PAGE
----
HOW TO KEEP IT FROM HAPPENING AGAIN: 

1. Read every label, every time, YOURSELF!
This is something I know and I shouldn’t have to be reminded but here I am reminding myself that I need to read the label myself BEFORE a plate is served to my child.   I went back to read the label again to see exactly which milk ingredient chicken could possible contain.  It had whey protein.  (If you’re not familiar with milk protein, casein and whey are the big two.)  When I pointed it out to the director, she said “oh, I had no idea.”

Mind of an allergy parent:

Why would you tell me that you read the label TWICE if you don’t know which ingredients are milk?!  The rest of the day’s events have just made me sad, anxious, or embarrassed but THAT just TICKS ME OFF!

2. Always bring a safe backup meal
Again, I shouldn’t have to be reminded of this but there I was without a backup plan.  We take a backup meal EVERYWHERE!  We’ve been doing it since he was diagnosed.
Silly mom, you know better. I’m so mad that I failed on my fail safe.  I think this irritates me the most.

3. Keep informed of changes
I wish I had more control over this one but I didn’t. We were out of town an Squid’s allergy appointment when the changes were made.  The teacher said the director was suppose to talk to me about it but it looks like the topic just fell through the cracks with everything else going on around this busy season.  I was disappointed that I found out the night before the event that (unsafe) menu changes had been made but that’s beyond my control.

4. Action plan
I’ve read numerous upon numerous blogs about anxiety.  I have bible verses memorized about dealing with anxiety.  I’ve read how to ground yourself during a panic attack.  Nothing worked this time.  The panic attack overtook me and I felt like I was drowning.  I guess it’s a natural reaction to a close call but I wish I could have kept it together a little better. Hey, at least my allergy plan was in place and worked well, right?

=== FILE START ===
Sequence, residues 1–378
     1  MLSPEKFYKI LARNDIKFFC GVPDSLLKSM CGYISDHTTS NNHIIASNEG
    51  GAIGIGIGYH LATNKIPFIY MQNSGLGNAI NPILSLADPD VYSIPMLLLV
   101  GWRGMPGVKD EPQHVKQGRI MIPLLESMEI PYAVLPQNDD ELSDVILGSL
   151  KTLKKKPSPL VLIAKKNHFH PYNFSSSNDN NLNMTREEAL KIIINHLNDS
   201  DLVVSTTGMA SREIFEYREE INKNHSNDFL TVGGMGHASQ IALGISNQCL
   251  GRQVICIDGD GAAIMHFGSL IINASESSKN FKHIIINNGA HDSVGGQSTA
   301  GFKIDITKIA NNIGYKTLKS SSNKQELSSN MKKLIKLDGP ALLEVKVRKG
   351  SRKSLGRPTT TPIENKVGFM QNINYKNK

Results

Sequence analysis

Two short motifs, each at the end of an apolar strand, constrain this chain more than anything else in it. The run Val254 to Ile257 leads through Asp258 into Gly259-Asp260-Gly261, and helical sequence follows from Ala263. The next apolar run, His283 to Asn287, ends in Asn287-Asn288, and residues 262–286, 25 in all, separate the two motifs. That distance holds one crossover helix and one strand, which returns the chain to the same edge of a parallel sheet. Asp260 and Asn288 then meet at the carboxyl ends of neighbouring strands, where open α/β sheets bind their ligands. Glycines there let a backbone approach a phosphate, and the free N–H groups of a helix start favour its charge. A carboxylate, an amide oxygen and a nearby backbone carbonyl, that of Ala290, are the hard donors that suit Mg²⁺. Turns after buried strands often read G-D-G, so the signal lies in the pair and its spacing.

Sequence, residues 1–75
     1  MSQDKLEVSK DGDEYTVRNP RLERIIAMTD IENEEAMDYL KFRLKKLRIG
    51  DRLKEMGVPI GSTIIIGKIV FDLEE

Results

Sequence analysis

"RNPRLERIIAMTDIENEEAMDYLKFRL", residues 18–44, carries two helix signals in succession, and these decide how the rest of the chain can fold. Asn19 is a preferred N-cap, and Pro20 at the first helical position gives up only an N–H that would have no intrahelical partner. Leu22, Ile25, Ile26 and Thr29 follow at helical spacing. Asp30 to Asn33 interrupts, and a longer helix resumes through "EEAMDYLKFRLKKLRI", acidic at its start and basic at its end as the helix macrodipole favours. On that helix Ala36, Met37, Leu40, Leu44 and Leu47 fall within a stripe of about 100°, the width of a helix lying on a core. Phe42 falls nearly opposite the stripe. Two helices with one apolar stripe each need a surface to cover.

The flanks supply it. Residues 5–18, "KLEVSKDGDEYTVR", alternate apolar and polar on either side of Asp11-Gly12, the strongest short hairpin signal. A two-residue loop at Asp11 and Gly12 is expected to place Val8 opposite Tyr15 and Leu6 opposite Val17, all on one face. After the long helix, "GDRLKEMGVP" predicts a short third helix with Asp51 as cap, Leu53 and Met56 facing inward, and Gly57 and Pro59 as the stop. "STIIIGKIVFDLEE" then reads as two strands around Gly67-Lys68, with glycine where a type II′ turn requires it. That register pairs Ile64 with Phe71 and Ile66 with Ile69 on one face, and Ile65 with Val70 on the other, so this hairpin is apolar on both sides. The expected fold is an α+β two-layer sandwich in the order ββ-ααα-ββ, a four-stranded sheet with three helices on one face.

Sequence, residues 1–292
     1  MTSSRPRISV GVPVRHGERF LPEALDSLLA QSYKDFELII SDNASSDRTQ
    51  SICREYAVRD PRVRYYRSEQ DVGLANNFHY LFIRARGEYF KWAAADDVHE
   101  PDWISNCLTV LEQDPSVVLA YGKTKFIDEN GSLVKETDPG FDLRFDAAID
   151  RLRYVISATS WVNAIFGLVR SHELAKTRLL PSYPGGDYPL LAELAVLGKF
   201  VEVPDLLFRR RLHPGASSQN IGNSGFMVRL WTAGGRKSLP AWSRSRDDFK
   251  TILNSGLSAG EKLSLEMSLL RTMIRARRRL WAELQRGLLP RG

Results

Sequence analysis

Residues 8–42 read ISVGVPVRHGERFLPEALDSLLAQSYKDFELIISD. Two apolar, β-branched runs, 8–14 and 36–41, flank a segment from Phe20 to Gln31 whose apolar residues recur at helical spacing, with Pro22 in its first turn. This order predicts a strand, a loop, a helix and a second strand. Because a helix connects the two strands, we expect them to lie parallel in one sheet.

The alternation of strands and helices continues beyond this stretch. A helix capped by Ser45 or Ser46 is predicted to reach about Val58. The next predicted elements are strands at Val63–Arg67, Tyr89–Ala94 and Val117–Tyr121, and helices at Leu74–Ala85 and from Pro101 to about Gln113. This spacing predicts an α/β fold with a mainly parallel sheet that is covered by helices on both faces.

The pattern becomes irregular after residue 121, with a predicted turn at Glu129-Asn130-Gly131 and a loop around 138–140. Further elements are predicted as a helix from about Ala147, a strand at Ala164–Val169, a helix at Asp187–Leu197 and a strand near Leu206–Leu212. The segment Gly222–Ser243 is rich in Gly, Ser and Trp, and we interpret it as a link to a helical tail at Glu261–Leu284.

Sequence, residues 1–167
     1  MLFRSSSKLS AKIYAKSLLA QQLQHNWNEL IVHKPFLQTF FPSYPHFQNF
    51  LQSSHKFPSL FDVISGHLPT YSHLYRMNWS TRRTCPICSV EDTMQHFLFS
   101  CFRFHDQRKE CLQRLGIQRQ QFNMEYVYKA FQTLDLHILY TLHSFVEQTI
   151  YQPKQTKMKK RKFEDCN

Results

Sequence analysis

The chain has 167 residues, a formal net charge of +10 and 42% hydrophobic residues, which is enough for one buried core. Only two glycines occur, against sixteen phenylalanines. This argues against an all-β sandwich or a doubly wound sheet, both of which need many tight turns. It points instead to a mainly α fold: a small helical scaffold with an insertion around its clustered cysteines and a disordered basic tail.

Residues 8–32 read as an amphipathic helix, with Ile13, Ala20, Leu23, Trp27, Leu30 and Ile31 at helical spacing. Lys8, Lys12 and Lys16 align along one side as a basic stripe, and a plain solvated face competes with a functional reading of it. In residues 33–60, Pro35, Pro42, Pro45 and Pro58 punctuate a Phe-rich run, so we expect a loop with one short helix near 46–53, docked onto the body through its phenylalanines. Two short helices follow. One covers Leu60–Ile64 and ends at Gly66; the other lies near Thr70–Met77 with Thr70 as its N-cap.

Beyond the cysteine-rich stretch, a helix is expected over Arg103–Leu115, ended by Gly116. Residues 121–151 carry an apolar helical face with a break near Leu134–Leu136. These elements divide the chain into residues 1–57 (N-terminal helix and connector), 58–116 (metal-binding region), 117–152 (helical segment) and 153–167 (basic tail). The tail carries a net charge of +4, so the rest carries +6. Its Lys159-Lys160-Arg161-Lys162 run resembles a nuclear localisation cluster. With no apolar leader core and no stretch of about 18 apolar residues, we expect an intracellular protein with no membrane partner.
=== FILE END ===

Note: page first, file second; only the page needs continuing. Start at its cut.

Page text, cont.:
I’m still embarrassed.

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If you only knew (a glimpse at traveling with food allergies)

Lately I’ve been getting a lot of “you never come see us anymore.”  Not that visits were frequent before children but our closest relatives live at least an hour away.

I never knew how much stuff a baby needed when traveling. It’s quite a chore, especially if you’re staying the night!  Now let’s add food allergies into that mix. YOWZAS!

Here are some of the extra steps I have to take when traveling.

1. I start by thinking (and obsessing) over every little detail. Who will be there? Will they respect my rules regarding Squid’s allergies? Will there be food? If there is food, will it be safe? If it’s not safe, will people wash their hands before touching Squid? What will we eat? How long are we staying? How much food will we need? Should I take extra cleaning wipes for other people’s hands/our eating area?  HOW AM I GOING TO KEEP MY CHILD SAFE??? The list goes on and on and on!

2. Take all those questions from #1 and begin packing. It takes me AT LEAST two days to pack and make sure everything is perfect because we do not have the “stop at the nearest fast food option.”  It’s what I bring or nothing because after several reactions and way too many close calls, I really have a hard time trusting food that wasn’t cooked by me or with me present.

3. The day has come. We’ve made the trip and arrived safely. The hard part is over right? HA! Not a chance. Remember all of those questions from #1? They’re still buzzing in my head but this time they’re being played out in real life. I can’t relax at all during my visit due to worry about what Squid may accidentally be exposed to and how many hives he will get THIS time.

Vacation is not a vacation for me! My idea of a vacation these days is leaving Squid with Daddy and having some Mommy time of some sort. Family events where I can relax are very rare, especially if they involve food.  Needless to say, Thanksgiving is my new version of a complete nervous wreck nightmare!

4. Making it back home without hives or a hospital visit is nothing short of a miracle! Praise God!

Please be understanding. Please be patient. Food allergies are rough.

10 things I learned from Squid’s dairy allergy

There are some things that I’ve learned since my son’s diagnosis with food allergies (particularly dairy).  I have a feeling I’m going to need to continually add to this post.

1. Nobody Understands